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President Obama Likes The Term “ObamaCare” Because It Shows He Cares, And His Opponents Don’t

The Hill:

President Obama is embracing the term ‘ObamaCare’ on the campaign stump, attempting to turn the tables on critics who use it in a derogatory way. ‘They call it ObamaCare?’ the president told supporters at a St. Louis fundraiser Tuesday evening. ‘I do care! You should care, too.’ Earlier in the day, Obama told an audience in Dallas, ‘Folks go around saying ObamaCare. That’s right — I care. … That’s their main agenda? That’s your plank? Is making sure 30 million people don’t have health insurance?’ The president’s remarks are clearly part of a White House strategy to reclaim some lost ground on healthcare, taking the fight to Republicans… ‘If the other side wants to be the folks that don’t care, that’s fine with me. I do care.’

Yet House Democrats Dislike The Term So Much, They Banned It From Official House Mailings


Roll Call
:

In the latest battle in the Congressional franking wars, Democrats have been vetoing use of the word ‘Obamacare’ in taxpayer-financed mass mailings, saying it violates rules against using the franking privilege for “personal, partisan or political reasons.’… ‘It’s telling that Democrats are fearful of taking ownership of the president’s signature piece of legislation,’ a GOP House aide said. ‘The White House and Congressional Democrats exhausted all of their political capital and a Congressional majority to move the bill across the finish line and into law. You would think given how much it cost them, that they would embrace the end result and proudly attach the president’s name to it at every opportunity.’ ‘You know, if it was popular they’d be all about calling it Obamacare,’ another Republican source added.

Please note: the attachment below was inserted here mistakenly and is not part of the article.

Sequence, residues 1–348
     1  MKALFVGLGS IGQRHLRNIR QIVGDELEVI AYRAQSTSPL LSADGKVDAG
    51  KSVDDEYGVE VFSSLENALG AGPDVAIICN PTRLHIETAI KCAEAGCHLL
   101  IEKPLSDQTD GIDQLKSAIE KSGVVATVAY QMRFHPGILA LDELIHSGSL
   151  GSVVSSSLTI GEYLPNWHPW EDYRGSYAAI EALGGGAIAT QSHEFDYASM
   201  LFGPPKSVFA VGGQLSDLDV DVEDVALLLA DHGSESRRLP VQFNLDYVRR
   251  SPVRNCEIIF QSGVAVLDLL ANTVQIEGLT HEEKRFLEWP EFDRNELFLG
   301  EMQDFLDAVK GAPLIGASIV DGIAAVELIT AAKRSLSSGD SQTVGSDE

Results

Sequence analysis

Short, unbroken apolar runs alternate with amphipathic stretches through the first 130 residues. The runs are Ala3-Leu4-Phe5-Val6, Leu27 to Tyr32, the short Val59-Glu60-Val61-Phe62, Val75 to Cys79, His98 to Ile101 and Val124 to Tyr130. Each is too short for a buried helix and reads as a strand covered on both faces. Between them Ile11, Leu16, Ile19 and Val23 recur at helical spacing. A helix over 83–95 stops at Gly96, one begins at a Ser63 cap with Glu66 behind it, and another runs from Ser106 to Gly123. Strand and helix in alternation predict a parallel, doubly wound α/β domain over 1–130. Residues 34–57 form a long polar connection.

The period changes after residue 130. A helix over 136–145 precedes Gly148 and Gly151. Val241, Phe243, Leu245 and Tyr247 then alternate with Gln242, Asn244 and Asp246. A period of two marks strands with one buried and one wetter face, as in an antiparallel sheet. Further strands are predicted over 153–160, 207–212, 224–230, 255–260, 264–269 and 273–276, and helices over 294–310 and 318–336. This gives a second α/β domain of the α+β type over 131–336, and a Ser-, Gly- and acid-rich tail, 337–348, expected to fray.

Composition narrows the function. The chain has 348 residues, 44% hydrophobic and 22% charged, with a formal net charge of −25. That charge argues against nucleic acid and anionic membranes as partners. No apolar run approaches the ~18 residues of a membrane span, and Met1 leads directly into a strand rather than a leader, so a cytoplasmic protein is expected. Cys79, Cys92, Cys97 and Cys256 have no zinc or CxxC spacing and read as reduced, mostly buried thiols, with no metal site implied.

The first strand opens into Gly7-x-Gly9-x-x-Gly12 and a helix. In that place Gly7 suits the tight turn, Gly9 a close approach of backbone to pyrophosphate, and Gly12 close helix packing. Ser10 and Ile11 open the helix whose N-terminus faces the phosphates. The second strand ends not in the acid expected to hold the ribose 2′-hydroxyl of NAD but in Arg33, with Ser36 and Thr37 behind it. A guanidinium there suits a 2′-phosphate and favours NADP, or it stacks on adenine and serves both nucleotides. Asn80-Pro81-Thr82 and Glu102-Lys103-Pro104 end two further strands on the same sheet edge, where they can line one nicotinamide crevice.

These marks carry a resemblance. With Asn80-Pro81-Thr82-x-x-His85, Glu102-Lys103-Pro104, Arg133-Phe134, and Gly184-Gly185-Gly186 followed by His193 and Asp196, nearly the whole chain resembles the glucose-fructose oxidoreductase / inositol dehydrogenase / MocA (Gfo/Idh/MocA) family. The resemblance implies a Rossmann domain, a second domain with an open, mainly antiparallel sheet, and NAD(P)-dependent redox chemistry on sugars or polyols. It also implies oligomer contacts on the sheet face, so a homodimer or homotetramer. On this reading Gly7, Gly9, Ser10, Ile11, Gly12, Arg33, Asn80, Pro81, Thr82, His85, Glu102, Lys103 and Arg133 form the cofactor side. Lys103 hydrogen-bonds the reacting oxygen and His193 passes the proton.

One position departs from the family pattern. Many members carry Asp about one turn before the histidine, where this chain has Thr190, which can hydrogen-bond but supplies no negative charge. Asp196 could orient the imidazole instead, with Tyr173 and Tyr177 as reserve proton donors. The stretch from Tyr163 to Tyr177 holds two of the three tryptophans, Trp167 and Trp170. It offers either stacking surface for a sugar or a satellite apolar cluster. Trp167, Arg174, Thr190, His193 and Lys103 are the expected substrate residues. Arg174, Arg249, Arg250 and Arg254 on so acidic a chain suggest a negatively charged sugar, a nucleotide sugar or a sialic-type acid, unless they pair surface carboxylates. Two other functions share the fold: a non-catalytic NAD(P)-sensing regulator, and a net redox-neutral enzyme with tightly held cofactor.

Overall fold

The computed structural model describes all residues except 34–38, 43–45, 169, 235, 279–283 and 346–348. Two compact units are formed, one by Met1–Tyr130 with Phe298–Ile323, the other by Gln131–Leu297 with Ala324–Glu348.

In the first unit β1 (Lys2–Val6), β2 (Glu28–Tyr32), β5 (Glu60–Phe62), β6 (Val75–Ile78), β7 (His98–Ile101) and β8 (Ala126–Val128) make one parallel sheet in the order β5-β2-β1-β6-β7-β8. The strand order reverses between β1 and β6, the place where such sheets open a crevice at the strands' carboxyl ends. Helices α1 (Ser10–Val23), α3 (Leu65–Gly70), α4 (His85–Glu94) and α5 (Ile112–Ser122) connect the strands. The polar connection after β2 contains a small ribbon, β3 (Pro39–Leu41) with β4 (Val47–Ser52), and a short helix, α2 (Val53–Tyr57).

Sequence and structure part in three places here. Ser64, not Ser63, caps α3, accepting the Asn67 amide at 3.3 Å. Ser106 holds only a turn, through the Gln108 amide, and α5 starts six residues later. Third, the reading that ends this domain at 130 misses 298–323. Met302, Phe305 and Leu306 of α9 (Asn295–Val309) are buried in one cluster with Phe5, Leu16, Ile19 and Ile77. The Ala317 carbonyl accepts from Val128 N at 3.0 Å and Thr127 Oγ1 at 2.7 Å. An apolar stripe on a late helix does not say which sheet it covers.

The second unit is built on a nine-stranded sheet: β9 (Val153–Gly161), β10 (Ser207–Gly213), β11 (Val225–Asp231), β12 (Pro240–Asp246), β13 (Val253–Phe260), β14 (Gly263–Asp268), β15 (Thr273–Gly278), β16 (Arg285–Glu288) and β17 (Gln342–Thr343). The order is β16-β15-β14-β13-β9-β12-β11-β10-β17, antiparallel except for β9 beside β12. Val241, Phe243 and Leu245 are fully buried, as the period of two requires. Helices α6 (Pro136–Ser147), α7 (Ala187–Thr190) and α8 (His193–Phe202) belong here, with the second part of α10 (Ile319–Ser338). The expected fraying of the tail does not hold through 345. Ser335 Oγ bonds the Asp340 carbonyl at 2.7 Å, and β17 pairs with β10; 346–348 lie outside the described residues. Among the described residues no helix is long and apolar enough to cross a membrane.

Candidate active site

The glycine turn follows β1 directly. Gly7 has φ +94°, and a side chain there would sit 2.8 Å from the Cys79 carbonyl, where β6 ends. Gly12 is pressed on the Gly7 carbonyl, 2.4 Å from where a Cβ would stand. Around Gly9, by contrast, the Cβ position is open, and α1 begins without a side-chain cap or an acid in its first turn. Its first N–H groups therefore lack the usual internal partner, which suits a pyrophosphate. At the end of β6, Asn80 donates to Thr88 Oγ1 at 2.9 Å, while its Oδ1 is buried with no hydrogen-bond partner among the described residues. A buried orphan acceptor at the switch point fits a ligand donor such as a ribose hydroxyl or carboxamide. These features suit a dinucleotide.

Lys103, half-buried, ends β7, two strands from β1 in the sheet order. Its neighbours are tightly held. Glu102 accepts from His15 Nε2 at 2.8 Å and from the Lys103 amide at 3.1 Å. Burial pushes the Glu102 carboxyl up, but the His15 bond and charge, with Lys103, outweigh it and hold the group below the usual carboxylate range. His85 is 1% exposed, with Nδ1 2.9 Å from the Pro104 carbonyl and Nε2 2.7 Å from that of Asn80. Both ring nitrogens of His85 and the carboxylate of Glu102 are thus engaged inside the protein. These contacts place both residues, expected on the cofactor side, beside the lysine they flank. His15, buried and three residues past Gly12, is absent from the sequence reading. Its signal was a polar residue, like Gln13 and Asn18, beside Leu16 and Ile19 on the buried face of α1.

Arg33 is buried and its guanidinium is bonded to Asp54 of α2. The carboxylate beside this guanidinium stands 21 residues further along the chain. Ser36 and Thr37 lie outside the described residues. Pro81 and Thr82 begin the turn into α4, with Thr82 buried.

At issue is the ability to send provocative communications using Congressional funds. The franking commission reviews official mail, email and social media for overtly political or inflammatory content.

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“State officials are pushing back hard against what they view as shortcomings in the healthcare reform law for fear they’ll be barraged with complaints when people have trouble affording insurance. Federal regulators are writing the rules governing key aspects of the law, including the guidelines to determine who’s eligible for subsidies to buy private insurance. Those benefits will be delivered through state-based exchanges, however, leaving state officials on the receiving end of angry phone calls if glitches in the law aren’t ironed out by 2014.”

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“Some of the federal healthcare law’s requirements related to insurance exchanges threaten the autonomy of U.S. states, which need more support in establishing the marketplaces, state governors said in a letter released on Thursday. ‘The decision to implement health insurance exchanges requires a number of complex policy decisions amid aggressive timelines,’ wrote the National Governors Association in a letter to U.S. Health Secretary Kathleen Sebelius dated Nov. 2.”